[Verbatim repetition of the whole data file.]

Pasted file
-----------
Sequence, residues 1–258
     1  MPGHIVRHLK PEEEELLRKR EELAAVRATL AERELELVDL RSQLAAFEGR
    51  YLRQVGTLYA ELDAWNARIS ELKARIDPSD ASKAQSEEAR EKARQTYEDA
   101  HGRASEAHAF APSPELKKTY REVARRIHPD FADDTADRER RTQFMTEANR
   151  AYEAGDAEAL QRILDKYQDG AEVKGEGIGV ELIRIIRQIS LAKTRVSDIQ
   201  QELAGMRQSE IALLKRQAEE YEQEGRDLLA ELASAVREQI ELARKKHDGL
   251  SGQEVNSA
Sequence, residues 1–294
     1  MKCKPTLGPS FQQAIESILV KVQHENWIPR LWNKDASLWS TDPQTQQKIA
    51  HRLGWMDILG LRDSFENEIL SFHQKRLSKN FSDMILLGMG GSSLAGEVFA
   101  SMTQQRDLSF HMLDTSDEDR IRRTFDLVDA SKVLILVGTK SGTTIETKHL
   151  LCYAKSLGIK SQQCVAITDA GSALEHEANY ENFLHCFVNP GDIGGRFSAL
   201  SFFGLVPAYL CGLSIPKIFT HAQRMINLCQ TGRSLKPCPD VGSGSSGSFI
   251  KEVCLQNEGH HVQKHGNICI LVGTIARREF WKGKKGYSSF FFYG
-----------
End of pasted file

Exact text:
Sequence, residues 1–258
     1  MPGHIVRHLK PEEEELLRKR EELAAVRATL AERELELVDL RSQLAAFEGR
    51  YLRQVGTLYA ELDAWNARIS ELKARIDPSD ASKAQSEEAR EKARQTYEDA
   101  HGRASEAHAF APSPELKKTY REVARRIHPD FADDTADRER RTQFMTEANR
   151  AYEAGDAEAL QRILDKYQDG AEVKGEGIGV ELIRIIRQIS LAKTRVSDIQ
   201  QELAGMRQSE IALLKRQAEE YEQEGRDLLA ELASAVREQI ELARKKHDGL
   251  SGQEVNSA
Sequence, residues 1–294
     1  MKCKPTLGPS FQQAIESILV KVQHENWIPR LWNKDASLWS TDPQTQQKIA
    51  HRLGWMDILG LRDSFENEIL SFHQKRLSKN FSDMILLGMG GSSLAGEVFA
   101  SMTQQRDLSF HMLDTSDEDR IRRTFDLVDA SKVLILVGTK SGTTIETKHL
   151  LCYAKSLGIK SQQCVAITDA GSALEHEANY ENFLHCFVNP GDIGGRFSAL
   201  SFFGLVPAYL CGLSIPKIFT HAQRMINLCQ TGRSLKPCPD VGSGSSGSFI
   251  KEVCLQNEGH HVQKHGNICI LVGTIARREF WKGKKGYSSF FFYG